Exploring Anti-Black Racism in the Gay Community: The French Perspective

Exploring Anti-Black Racism in the Gay Community: The French Perspective

The latest recent data from the French Ministry of the Interior indicates that 12,500 formal reports of “racist, xenophobic, or anti-religious nature” were made in France in 2021. Compared to 2019, there has been a 13% rise in crimes and offenses and a 26% increase in penalties. Only 25% of victims of physical violence and racial threats and 5% of victims of verbal abuse, according to the ministry, reported their experiences between 2013 and 2018. 

Over 1.2 million persons are said to have been the victims of acts of racial abuse or violence annually throughout this time. LGBT organizations argue that because many victims choose not to disclose crimes to the police, the statistics do not provide a whole picture. It’s time for the SOS Homophobia Association to release its own statistics. 

Understanding Anti-Black Racism

The increase follows 2018’s designation as a “black” year due to correlations with an unprecedented degree of physical violence against LGBT individuals. The new statistics, which demonstrate a consistent rise in offenses, are released 30 years after the World Health Organization (WHO) removed homosexuality from its list of mental diseases and on the eve of the International Day Against Homophobia, Transphobia, and Biphobia. 

The situation was deemed “alarming” by the French National Consultative Commission on Human Rights (CNCDH). Based on the historical data provided by CNCDH, it appears that although French society is becoming more tolerant, there are still “certain racist, anti-Semitic, and xenophobic biases that remain strong and, above all, their manifestation is renewed, diversified, and even intensified.” Strong action is anticipated in response to the brutal murder of three Kurds in the center of Paris on December 23, for which a racial purpose was established (though some doubts about the act’s political motivations still exist). This incident serves as a reminder of how serious the situation is.

Prevalence in Social Settings

According to Sophie Elizéon, director of the interministerial delegation for the battle against racism, anti-Semitism, and anti-LGBT hatred (DILCRAH), “what is being reported from the ground is the exacerbation of unabashed behavior.” 

She conveyed that as French society progresses towards equality, certain individuals, primarily white males in their 50s, are increasingly defensive, resorting to violence. With over 900 NGOs operating around the nation, the DILCRAH delegation is relying on financial and educational help to effectively address the situation. Elisabeth Borne, the prime minister of France, is scheduled to unveil a new action plan led by the DILCRAH . According to Elizéon, the initiative would concentrate on three primary areas: assisting in defining the problem, determining the scope of the problem, and offering improved training and education to dispel preconceptions.

Media Representations and Cultural Norms

Despite certain “serious concerns,” France’s political reaction in recent years has generally been encouraging, according to the independent European Commission against Racism and Intolerance (ECRI) of the Council of Europe. The ECRI voiced concerns about the “trivialization of hate speech” in France in a study released in September 2022, saying that it was “particularly in the political sphere, as well as in the audiovisual media and on social networks.” It is anticipated that the strategy would provide training on these topics to all members of the civil service in order to better identify and address anti-Romani prejudice and ethnic discrimination. In cooperation with the Ministries of the Interior and Justice, additional sanctions are anticipated to be implemented. Priority concerns in the previous National Plan (2018-2020) were enhanced victim attention, training for educators, and internet hate material.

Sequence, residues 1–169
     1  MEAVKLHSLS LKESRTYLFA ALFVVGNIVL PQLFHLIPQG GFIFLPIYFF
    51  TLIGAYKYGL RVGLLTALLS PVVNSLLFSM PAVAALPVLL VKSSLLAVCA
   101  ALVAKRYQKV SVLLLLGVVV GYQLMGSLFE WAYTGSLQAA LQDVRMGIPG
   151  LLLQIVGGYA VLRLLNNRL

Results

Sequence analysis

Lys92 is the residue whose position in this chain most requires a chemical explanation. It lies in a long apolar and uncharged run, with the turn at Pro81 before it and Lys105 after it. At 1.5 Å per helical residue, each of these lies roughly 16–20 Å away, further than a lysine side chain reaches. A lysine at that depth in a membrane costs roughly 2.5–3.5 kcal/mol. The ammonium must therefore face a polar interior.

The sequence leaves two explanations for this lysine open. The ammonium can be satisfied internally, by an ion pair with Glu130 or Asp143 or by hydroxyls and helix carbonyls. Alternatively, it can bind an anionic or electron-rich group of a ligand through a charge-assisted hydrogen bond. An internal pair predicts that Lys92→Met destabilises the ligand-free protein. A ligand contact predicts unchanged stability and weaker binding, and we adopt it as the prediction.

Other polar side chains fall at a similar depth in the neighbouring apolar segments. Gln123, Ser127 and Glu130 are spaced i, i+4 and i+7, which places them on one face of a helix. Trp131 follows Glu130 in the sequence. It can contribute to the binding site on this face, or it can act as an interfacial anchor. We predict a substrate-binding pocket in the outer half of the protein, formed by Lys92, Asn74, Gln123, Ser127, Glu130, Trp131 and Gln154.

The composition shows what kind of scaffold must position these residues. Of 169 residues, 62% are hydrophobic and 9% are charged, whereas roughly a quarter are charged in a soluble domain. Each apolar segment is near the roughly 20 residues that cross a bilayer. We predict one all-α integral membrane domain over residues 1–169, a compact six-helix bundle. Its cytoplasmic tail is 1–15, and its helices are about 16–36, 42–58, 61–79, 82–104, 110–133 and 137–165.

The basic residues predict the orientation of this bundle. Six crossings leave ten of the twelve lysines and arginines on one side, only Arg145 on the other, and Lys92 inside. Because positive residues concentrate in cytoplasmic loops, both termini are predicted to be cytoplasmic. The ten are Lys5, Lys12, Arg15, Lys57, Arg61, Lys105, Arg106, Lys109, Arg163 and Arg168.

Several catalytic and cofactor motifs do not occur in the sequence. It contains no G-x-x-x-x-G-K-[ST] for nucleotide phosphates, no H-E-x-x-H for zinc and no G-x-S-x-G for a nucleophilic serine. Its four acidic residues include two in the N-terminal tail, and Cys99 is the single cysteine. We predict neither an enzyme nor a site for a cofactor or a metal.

Boycott Paris Olympics 2024: Addressing Racism and Safety Concerns

The call for boycotting the Paris Olympics 2024 resonates deeply with concerns about racism and safety in France. Amidst growing reports of racial violence and state surveillance, activists urge international visitors to abstain from attending the event. The boycott aims to pressure the French government to address systemic issues of police brutality and human rights violations.

Wrap Up

In conclusion, Many fear that African Americans’ progress in higher education may now halt as a result of the Supreme Court’s ruling that Harvard’s race-based admission criteria was unlawful. However, as noted by African American author Bertrand Cooper prior to the ruling: “The truth is that a world without affirmative action is just the world as it is – no different than before for the Black poor.” The difference between these two strategies has frequently been interpreted as being between Anglo-Saxon multiculturalism and French assimilationism; the former is “based on the rights of ethnic minorities, of communities,” while the latter is “based on individual rights.” In 1991, Marceau Long, the president of France’s Haut Conseil à L’Intégration, stated that the Anglo-Saxon strategy was “another way of imprisoning people within ghettos,” in contrast to the French strategy. 



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